What is moment of inertia (or rotational inertia)?
What physical quantities determine the rotational inertia of an object?
Galileo demonstrated the principle that objects are all accelerated at the same rate by gravity, regardless of their mass. But do all objects roll downhill with identical acceleration? In this investigation, you will roll a number of different objects down a ramp and determine which one—if any!—is accelerated the most. Each of the objects has a different distribution of mass within it; some are hollow whereas others are solid, for example. Does the distribution of mass within an object change its rotational properties?
You will need the following materials:
a stiff board (wood, foam, etc.) and a support to make a ramp;
a meter rule, to use as the starting gate;
different shapes of rolling objects, such as a solid metal can, which has relatively solid contents (not soup), a hollow metal can, a solid ball, and a hollow ball; and
additional examples of the same geometrical shapes, but having different masses and radii.
Which object rolls downhill the fastest?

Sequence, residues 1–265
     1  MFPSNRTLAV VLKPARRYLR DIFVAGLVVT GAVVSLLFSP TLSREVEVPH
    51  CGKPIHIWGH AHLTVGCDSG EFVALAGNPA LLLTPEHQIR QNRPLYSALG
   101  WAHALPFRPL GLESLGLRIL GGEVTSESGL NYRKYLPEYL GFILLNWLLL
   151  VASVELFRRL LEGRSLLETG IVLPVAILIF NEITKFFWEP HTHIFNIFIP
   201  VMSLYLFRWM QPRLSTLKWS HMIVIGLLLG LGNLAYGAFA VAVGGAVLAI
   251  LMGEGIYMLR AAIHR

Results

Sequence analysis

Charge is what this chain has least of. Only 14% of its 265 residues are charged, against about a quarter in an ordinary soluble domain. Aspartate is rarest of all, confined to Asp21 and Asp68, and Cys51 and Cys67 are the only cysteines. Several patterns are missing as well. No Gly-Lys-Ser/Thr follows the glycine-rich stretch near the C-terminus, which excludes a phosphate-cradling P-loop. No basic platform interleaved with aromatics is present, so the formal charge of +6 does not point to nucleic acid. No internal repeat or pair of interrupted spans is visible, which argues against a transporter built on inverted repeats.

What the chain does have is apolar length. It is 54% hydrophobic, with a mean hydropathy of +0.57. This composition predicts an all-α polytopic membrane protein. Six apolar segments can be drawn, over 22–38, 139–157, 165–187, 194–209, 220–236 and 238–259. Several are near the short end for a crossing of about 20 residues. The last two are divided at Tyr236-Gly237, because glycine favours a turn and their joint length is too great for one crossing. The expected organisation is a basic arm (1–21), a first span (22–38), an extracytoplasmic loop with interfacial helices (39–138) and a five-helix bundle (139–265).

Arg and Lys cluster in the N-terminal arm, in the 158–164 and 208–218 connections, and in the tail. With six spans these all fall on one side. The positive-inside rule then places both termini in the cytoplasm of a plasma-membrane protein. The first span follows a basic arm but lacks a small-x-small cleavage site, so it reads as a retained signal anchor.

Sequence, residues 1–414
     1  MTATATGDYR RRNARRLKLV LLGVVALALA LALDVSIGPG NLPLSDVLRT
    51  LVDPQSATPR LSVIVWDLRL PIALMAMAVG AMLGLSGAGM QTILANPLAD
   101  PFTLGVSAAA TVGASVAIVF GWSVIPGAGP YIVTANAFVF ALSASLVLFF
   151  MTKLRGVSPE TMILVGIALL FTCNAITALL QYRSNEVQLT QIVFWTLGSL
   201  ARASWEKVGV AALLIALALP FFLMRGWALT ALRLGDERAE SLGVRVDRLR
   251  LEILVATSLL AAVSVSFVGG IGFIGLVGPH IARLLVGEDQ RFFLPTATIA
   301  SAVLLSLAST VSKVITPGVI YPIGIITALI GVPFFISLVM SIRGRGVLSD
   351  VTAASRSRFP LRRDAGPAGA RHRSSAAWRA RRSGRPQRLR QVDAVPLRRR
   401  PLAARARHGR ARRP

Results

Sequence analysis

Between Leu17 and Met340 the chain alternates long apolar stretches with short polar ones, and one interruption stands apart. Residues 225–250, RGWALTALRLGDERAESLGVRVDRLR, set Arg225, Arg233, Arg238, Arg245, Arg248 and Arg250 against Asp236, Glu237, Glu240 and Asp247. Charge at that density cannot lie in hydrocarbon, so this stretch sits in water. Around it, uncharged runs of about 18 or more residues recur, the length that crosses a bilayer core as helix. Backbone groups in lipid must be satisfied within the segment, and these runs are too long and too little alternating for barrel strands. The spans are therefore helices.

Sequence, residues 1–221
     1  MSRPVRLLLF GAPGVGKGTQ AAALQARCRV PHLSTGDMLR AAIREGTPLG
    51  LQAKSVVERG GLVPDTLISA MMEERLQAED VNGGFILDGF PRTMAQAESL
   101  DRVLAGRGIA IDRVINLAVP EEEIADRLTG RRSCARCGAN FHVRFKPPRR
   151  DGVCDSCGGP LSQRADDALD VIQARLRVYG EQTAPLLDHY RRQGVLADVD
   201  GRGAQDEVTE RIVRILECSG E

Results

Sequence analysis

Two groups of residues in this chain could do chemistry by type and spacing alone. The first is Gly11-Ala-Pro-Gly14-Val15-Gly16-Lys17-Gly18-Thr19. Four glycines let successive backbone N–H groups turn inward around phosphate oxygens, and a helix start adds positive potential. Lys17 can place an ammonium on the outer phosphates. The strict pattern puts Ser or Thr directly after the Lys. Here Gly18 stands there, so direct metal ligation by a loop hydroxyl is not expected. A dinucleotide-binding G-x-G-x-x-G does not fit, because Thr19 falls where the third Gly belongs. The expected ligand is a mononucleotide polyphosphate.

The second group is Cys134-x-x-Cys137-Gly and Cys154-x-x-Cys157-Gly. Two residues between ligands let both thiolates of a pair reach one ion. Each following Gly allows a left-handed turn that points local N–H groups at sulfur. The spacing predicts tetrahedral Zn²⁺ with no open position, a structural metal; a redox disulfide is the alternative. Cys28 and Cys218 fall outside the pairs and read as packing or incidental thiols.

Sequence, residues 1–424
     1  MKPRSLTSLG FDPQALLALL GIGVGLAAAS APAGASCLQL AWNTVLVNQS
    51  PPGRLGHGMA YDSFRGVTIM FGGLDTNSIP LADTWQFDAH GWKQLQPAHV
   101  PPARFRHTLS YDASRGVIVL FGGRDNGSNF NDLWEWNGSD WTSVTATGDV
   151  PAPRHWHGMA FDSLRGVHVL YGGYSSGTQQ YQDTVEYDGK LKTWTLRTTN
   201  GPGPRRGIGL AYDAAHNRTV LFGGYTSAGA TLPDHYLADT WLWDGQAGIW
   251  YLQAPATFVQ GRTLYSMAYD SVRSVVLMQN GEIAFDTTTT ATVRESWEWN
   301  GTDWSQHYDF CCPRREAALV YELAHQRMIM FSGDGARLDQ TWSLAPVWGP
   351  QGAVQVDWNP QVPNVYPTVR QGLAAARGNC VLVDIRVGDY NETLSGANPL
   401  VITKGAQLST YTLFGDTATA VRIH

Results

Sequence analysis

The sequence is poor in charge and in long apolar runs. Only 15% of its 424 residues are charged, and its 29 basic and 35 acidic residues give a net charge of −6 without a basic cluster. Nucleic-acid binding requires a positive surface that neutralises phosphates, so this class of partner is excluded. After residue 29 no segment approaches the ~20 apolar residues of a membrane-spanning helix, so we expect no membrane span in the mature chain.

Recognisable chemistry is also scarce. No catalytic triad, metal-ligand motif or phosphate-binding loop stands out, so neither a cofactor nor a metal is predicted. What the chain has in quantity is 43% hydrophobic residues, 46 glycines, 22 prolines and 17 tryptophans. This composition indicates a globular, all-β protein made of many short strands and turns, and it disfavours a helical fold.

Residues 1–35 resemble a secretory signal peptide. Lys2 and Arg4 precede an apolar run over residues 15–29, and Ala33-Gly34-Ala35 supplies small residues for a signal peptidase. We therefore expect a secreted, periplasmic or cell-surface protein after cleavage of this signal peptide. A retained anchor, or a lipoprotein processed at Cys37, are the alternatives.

Prop up a stiff board with a support to form a ramp with an inclination angle of 15°–30°.
Line up the meter rule across the board to use it as a starting gate, and place two (or more) objects behind it.
Lift up the meter rule to start the objects rolling and note which one reaches the bottom first.
Repeat for all four geometrical shapes: a solid sphere, a hollow sphere (ball), a solid cylinder, and a hollow cylinder (ring).
Which of the four geometrical shapes reaches the bottom first? Last? List them in order from fastest to slowest.
What is the equation for the moment of inertia of each geometrical shape?
Explain why you think that the objects reached the bottom in that order.
For two objects of the same shape but different radii, will they reach the bottom at the same time? Design and carry out an experiment to test your prediction.
For two objects of the same shape but different masses, will they reach the bottom at the same time? Design and carry out an experiment to test your prediction.